Ala also revealed that the three attackers, all of whom have been captured, are of Albanian and Kosovar origin but speak Arabic, raising the possibility that they might be some of the foreign fighters who have flocked into Syria in recent years to help opposition groups fighting to topple Syrian President Bashar al-Assad.
“This is a terrorist act. According to the information we have, [the perpetrators] belong to some of the groups operating in Syria. But as to which group [they belong to], efforts are still under way to determine it,” Ala told reporters in the eastern province of Erzurum. He earlier said the attackers had been carrying guns, ammunition and hand grenades.
One police officer and a gendarme were killed, along with a Turkish civilian, when attackers opened fire on security forces manning a checkpoint in the Ulukışla district of the central Anatolian province of Niğde. The attackers, identified as 18-year-old Albanians E.S. and E.A. and 23-year-old Kosovar Ç.R., were reportedly traveling from the southern province of Hatay, on the Syrian border, to İstanbul when they were stopped by security forces. The attack has raised questions about whether Syrian groups, including al-Qaeda affiliates, might be responsible. The prospect of a Syrian connection has caused concerns for further political instability in the run-up to the local elections slated for March 30.
The state-run Anadolu News Agency (AA) reported on Friday that the attackers might have been members of the Islamic State of Iraq and the Levant (ISIL), which first emerged as a powerful al-Qaeda affiliate but was later disavowed by the al-Qaeda leadership. Al-Qaeda recognizes another group, the al-Nusra Front, as its affiliate in Syria, while most foreign fighters traveling to Syria to fight against the Syrian regime join the ranks of ISIL.
Prime Minister Recep Tayyip Erdoğan blamed unspecified “terrorists” for the attack, while Deputy Prime Minister Beşir Atalay talked of Syrian involvement and said it might be an attempt to foment tension ahead of the elections. “This is very serious. They might be trying to heat up the election atmosphere," Atalay said on Thursday.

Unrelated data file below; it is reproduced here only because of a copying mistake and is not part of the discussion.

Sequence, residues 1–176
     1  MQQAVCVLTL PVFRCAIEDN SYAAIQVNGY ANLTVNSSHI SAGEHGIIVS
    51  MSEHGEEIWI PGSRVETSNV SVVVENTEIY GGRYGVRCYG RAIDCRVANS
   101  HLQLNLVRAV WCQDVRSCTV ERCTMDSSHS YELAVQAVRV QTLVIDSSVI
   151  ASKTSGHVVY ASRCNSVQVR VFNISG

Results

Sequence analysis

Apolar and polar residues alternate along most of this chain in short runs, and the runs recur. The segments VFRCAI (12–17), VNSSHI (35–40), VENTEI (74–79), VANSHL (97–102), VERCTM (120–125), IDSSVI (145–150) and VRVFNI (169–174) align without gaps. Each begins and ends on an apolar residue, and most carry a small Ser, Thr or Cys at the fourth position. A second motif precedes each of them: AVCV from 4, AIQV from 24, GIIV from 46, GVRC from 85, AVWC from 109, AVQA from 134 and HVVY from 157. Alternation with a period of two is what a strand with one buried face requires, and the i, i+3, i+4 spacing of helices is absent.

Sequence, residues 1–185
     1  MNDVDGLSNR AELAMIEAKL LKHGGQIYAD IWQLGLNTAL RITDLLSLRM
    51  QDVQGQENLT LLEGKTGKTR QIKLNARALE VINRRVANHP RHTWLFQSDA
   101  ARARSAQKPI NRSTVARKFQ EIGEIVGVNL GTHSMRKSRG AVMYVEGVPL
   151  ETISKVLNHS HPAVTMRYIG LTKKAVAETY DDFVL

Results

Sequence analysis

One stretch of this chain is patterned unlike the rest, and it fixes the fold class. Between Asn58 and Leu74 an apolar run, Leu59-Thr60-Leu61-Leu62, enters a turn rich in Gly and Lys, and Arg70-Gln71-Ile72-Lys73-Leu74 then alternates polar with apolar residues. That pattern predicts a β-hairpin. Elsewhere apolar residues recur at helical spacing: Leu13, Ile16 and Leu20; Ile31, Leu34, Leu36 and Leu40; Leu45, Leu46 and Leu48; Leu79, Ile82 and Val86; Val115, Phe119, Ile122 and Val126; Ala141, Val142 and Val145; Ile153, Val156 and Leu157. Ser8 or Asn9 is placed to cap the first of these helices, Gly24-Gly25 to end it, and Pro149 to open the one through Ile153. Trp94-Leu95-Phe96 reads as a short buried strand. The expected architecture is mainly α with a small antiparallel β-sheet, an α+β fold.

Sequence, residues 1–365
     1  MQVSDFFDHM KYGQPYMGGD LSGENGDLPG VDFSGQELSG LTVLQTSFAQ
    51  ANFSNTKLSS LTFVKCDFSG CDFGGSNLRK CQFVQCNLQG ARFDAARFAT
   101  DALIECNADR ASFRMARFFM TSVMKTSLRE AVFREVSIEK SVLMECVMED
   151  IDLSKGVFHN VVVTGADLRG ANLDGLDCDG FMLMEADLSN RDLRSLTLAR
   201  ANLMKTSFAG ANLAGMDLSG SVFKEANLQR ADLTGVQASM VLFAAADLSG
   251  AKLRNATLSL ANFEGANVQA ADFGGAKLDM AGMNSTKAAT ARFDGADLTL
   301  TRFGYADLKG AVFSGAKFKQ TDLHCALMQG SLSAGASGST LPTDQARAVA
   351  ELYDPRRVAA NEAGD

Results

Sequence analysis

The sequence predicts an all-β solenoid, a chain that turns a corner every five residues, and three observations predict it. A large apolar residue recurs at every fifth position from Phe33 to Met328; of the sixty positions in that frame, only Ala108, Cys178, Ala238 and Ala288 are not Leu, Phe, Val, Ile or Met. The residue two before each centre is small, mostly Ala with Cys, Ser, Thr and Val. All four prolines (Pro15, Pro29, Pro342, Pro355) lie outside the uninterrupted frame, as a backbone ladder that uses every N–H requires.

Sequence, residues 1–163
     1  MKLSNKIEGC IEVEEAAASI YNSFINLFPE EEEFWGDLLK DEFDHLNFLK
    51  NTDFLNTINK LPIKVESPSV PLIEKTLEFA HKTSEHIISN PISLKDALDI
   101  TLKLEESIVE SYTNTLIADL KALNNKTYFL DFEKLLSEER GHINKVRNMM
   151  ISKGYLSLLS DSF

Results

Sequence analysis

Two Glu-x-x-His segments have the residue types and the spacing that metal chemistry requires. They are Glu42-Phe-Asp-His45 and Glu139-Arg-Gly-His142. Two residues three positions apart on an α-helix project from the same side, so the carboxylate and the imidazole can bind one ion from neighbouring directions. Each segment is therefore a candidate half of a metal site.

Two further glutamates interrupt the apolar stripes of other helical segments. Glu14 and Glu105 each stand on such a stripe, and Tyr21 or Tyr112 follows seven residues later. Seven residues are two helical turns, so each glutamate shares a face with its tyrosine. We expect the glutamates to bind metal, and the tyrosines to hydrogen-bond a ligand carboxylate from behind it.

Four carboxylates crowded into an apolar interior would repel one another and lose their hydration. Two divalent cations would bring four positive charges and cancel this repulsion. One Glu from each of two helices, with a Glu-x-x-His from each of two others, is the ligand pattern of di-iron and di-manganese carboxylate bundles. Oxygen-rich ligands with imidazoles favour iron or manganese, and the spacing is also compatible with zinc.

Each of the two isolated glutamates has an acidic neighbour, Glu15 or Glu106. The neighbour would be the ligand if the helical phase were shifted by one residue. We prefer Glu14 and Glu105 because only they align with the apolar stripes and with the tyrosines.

Turkey is heading into the elections amid political tensions over corruption allegations implicating close allies of Erdoğan. The prime minister has dismissed the accusations, saying the investigation is a plot against his government by domestic and foreign conspirators.
The Niğde incident came after a Turkish threat that it would retaliate if a tomb, located in northern Syria but considered sovereign Turkish territory, were to come under attack from any side in the conflict. Foreign Minister Ahmet Davutoğlu said last week that Turkey would retaliate in the event of an attack on the tomb of Süleyman Şah, the grandfather of the founder of the Ottoman Empire, irrespective of where the attack might come from.
Concerns over a possible Turkish military intervention in Syria to protect the tomb of Süleyman Şah emerged following news of clashes between ISIL and other Syrian opposition groups in the area, even though no side has threatened to attack the tomb so far. “Any attack, whether it comes from the regime, radical groups or any others, will face retaliation,” Davutoğlu said.
Main opposition Republican People's Party (CHP) leader Kemal Kılıçdaroğlu warned earlier this week against any pre-election “provocation” that would allow the government to launch an attack inside Syria in the name of protecting the tomb.
“I would like to call on the chief of general staff: Do not send Turkey on such an adventure, especially at a time when it is ruled by a suspect prime minister,” said Kılıçdaroğlu.